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When Keenan and I arrived in Lifuwu almost two months ago, we were unsure what to expect. From the start, we were awed by the beautiful location of the Friendly Gecko- with Lake Malawi right in our back garden- and stunned by the friendliness of the local people. Within a few hours of arriving, we were walking through the village with countless children holding our hands and chattering away to us, curious about who we were and where we came from. We felt welcome right away.

We both had very different, but equally enjoyable, experiences as volunteers. I spent the mornings working as a nursery assistant in Tyanjane nursery. There I would try my best to lead any number from thirty to a hundred under six year olds through the morning routine of songs, stretches, lessons, story time, playing and porridge breakfast. At times it was challenging but being able to spend my mornings sharing in the laughtr of those precious children was always a privilege. Meanwhile, Keenan spent his mornings teaching Maths and English to standards 6 and 7 in Kazembe primary school. Later on, when the children were doing exams, he worked on the construction site as two new classrooms were being built.

I spent three afternoons a week giving English lessons in the nursery to the teachers there. It was a great time to get to know the ladies outside the bounds of a chaotic classroom, and really encouraging to watch many of them grow in confidence in their English. The other two afternoons were spent at kid’s corner. This is where we organise activities- maybe sports, maybe arts and crafts- for the primary school age kids in the village. It was a really special time to get to know the kids individually, and to chat to them one on one.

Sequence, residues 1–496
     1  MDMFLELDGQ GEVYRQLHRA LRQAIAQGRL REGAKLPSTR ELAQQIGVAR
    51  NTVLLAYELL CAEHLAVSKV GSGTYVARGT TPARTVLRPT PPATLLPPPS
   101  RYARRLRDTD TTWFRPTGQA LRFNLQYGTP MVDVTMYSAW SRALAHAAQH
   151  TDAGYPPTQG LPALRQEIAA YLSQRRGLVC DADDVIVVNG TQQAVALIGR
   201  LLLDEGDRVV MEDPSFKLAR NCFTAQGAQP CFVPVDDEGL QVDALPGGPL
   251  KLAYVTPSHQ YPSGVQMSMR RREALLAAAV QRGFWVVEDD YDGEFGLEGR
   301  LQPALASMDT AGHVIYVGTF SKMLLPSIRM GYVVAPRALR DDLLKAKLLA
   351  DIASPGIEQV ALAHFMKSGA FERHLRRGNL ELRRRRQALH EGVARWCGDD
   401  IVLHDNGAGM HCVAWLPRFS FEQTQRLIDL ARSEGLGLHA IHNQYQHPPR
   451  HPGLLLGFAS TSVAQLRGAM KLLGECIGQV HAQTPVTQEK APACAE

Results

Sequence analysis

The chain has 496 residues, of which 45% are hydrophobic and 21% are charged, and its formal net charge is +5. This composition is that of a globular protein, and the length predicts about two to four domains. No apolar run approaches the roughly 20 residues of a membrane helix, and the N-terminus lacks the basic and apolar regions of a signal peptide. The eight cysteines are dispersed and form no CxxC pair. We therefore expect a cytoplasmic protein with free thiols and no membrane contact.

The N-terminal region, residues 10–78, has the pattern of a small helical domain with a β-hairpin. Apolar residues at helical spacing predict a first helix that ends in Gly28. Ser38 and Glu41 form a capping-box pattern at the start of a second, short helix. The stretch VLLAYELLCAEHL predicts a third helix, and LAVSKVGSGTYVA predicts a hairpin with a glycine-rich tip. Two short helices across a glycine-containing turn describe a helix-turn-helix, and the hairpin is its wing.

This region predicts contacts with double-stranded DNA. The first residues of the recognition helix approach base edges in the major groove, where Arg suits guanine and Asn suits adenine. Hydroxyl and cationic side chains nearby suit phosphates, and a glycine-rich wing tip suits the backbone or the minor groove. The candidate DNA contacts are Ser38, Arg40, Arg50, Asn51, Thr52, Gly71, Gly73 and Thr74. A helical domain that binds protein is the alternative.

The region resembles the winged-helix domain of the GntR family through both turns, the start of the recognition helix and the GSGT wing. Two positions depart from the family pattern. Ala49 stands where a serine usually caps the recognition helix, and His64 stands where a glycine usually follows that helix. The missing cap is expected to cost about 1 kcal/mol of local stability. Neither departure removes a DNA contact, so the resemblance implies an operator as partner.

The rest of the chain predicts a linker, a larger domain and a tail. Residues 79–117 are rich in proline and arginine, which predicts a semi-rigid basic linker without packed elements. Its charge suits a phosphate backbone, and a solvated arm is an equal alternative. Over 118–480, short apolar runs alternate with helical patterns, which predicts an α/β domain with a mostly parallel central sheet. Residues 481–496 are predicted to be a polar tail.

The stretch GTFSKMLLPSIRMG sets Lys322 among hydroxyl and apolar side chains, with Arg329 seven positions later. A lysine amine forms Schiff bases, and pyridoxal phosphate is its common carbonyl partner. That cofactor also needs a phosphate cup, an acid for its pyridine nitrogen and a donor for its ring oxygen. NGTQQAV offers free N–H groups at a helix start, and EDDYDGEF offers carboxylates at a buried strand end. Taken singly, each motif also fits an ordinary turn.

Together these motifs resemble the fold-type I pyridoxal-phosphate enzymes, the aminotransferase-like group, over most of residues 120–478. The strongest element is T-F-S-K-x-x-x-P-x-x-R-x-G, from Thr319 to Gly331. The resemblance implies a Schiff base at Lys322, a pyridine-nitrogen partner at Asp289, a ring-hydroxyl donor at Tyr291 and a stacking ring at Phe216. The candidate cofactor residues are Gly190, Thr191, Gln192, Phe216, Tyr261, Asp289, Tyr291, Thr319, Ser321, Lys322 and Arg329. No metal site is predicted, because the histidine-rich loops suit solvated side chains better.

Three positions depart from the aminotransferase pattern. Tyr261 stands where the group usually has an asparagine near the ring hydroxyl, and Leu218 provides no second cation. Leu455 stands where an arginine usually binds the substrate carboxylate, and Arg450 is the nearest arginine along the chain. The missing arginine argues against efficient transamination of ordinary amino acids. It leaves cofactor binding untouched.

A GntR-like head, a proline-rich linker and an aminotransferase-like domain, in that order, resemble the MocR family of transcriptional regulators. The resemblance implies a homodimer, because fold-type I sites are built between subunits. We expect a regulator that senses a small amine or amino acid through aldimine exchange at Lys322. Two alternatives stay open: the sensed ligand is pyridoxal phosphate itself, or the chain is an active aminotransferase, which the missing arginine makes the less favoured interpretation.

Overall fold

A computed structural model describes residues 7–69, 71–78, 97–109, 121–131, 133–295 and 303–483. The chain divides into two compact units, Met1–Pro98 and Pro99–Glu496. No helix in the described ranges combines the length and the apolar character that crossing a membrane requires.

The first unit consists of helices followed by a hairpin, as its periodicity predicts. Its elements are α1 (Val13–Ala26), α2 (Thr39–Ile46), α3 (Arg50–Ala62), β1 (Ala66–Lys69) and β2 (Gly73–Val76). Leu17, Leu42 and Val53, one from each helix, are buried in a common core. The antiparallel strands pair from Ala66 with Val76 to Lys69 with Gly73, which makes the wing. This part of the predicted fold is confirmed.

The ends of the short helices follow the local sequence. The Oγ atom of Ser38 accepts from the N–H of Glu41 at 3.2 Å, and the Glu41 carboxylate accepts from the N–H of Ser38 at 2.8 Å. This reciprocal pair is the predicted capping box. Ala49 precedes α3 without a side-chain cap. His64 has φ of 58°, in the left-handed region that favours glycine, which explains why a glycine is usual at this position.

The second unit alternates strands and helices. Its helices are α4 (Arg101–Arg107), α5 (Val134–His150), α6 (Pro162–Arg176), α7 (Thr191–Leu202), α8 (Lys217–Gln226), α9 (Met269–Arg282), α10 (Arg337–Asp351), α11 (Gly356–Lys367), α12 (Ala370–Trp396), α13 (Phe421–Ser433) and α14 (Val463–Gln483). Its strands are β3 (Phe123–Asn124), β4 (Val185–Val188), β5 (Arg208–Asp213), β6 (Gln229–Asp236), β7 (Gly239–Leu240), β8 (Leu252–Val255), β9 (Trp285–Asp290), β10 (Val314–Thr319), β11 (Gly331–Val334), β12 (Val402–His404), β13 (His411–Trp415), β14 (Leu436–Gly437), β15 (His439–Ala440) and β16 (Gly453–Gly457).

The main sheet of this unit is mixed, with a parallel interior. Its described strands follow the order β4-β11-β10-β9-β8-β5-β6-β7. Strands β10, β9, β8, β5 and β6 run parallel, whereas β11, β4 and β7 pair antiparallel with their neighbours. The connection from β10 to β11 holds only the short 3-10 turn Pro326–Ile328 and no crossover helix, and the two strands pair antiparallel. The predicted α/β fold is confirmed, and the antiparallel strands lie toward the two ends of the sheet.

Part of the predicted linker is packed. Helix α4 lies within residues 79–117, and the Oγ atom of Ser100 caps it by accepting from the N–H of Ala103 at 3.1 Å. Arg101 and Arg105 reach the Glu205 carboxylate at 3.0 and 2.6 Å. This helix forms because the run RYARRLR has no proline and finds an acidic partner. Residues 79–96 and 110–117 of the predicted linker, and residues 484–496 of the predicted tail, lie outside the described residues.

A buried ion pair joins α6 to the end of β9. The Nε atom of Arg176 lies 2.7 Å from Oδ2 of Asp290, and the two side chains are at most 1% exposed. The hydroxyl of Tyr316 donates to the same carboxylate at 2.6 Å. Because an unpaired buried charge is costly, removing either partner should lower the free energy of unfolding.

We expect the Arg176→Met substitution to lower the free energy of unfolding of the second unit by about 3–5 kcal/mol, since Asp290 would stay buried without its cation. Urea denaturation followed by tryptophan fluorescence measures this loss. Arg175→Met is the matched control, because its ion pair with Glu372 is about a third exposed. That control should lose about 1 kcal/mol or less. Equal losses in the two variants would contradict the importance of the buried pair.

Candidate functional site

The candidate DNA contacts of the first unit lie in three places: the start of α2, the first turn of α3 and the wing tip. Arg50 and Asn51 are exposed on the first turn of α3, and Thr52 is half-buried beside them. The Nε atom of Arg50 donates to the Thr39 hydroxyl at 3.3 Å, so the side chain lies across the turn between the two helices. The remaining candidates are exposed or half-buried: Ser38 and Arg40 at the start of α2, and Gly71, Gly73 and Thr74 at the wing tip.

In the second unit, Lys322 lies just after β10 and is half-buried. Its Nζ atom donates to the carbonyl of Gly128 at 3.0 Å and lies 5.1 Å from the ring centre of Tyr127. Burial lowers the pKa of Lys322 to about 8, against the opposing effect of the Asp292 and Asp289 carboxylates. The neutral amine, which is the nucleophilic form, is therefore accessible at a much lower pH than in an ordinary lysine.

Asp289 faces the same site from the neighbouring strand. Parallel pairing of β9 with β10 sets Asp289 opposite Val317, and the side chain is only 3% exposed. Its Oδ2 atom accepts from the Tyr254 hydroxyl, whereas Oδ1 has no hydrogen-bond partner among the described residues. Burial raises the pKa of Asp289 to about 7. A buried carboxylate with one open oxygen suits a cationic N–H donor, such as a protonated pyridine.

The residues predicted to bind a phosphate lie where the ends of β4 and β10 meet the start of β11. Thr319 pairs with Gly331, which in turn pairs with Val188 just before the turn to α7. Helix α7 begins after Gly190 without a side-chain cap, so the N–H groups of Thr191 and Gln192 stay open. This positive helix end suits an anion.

In the afternoons, we would all eat lunch as a group, chatting and laughing about the morning’s happenings. There would often be time for a quick dip in the lake before heading off for the afternoon- very much appreciated on a hot day!! The evenings would be spent chilling out in the guesthouse. Reading, contacting those at home, making dinner, going out to watch the stars on the beach, or just chatting with the other volunteers. The weekends were our free time, and there was plenty to occupy ourselves with- from hiking up Senga Mountain, to a boat trip to lizard island, to an overnight stay in a community wildlife park, to just walking down to one of the local resorts for a bite to eat. We were lucky to have a great group of volunteers to share these experiences,and many funny memories with.

All in all, I will always look back on our time in Lifuwu with great fondness, and a slight sense of disbelief. Even now, just a week after leaving, it is hard to believe that I, a girl from Ireland, felt like a part of a tiny village community in Malawi, for however brief a time. That I could walk down sand roads and be greeted by name by local people who I came to consider friends. That I could walk to the local market, speak to the vendors in Chichewa, and walk back carrying flour or firewood on my head (albeit using one hand for balance!!) This truly was a once in a lifetime experience, one that neither of us will forget in a hurry. If you are considering coming to Lifuwu as a volunteer I could not encourage you enough!!